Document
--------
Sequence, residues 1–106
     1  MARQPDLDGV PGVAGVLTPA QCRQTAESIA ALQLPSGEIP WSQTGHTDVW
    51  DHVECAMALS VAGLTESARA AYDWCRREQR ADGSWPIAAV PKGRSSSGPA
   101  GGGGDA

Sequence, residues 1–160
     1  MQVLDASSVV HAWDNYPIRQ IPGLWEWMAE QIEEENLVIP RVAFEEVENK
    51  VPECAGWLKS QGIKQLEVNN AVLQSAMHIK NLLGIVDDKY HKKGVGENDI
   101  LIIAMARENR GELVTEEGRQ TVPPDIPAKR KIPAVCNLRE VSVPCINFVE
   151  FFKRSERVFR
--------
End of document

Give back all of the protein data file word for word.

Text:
Sequence, residues 1–106
     1  MARQPDLDGV PGVAGVLTPA QCRQTAESIA ALQLPSGEIP WSQTGHTDVW
    51  DHVECAMALS VAGLTESARA AYDWCRREQR ADGSWPIAAV PKGRSSSGPA
   101  GGGGDA

Sequence, residues 1–160
     1  MQVLDASSVV HAWDNYPIRQ IPGLWEWMAE QIEEENLVIP RVAFEEVENK
    51  VPECAGWLKS QGIKQLEVNN AVLQSAMHIK NLLGIVDDKY HKKGVGENDI
   101  LIIAMARENR GELVTEEGRQ TVPPDIPAKR KIPAVCNLRE VSVPCINFVE
   151  FFKRSERVFR